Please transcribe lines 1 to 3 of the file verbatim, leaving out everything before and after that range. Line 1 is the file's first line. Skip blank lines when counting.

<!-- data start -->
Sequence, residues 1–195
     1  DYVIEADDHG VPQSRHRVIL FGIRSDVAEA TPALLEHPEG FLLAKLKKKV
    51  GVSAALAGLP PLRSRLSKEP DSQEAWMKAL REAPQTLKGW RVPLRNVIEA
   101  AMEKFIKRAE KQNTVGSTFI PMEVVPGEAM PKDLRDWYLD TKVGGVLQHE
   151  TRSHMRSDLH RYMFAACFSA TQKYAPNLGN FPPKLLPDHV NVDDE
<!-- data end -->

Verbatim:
Sequence, residues 1–195
     1  DYVIEADDHG VPQSRHRVIL FGIRSDVAEA TPALLEHPEG FLLAKLKKKV
    51  GVSAALAGLP PLRSRLSKEP DSQEAWMKAL REAPQTLKGW RVPLRNVIEA